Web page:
The University of California, San Francisco is a leading university dedicated to promoting health worldwide through advanced biomedical research, graduate-level education in the life sciences and health professions, and excellence in patient care. Please visit www.ucsf.edu.

About the Research Program on Genes, Environment, and Health (RPGEH)

Kaiser Permanente Northern California Division of Research launched the RPGEH in 2005 and initiated enrollment of participants from the Northern California region’s three million Kaiser Permanente members in 2007. The research program has enrolled more than 188,000 members and plans to enroll a total of 500,000 Kaiser Permanente members by 2014, which will make it one of the largest and most diverse population-based biobanks in the world.

The RPGEH is designed to facilitate epidemiologic studies of both genetic and environmental influences on common health conditions, such as heart disease, diabetes, cancer, asthma, mental health disorders, and many others. The building blocks of the RPGEH are:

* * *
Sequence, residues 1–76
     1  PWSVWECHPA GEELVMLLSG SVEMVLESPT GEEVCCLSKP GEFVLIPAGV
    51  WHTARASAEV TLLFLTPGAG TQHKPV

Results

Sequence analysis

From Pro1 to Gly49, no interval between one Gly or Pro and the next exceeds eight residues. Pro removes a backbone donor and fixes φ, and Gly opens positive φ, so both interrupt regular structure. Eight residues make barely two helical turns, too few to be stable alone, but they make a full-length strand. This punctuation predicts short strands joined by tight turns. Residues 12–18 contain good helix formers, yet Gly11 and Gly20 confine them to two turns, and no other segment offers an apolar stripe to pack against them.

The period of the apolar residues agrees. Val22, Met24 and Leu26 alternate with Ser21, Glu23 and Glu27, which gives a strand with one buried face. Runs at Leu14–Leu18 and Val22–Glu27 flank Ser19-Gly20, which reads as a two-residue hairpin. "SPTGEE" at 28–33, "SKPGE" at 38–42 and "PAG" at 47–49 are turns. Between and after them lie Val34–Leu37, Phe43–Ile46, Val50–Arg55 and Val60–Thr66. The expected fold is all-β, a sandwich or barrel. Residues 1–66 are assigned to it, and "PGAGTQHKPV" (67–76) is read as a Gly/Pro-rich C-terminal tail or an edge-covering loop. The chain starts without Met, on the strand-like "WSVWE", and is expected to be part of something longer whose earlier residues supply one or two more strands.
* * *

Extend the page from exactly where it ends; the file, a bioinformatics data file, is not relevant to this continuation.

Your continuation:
• genetic information from saliva or blood samples provided by RPGEH participants; 
  • data collected from RPGEH participants through self-reported health surveys;
  • historical and ongoing clinical data on RPGEH participants from the Kaiser Permanente electronic health record; and
  • new environmental databases that will allow researchers to study the health effects of environmental factors such as air pollution and water quality as well as neighborhood characteristics, such as proximity to parks, grocery stores, and healthy foods.

Generous support for the RPGEH has come from the NIH, The Robert Wood Johnson Foundation, The Wayne and Gladys Valley Foundation and The Ellison Medical Foundation. Kaiser Permanente has also provided financial support for the RPGEH.

Participation in the RPGEH is completely voluntary. All participants must provide written and informed consent and may withdraw from the program at any time.

All research conducted by the Division of Research and the RPGEH is designed to maintain the privacy and confidentiality of participants' personal information. Consistent with federal standards for human subjects research conducted at hospitals and universities throughout the United States, research conducted at Kaiser Permanente is reviewed and approved by our organization's institutional review board to assure that it is designed to maintain appropriate respect for individuals' safety, welfare, and rights as research participants.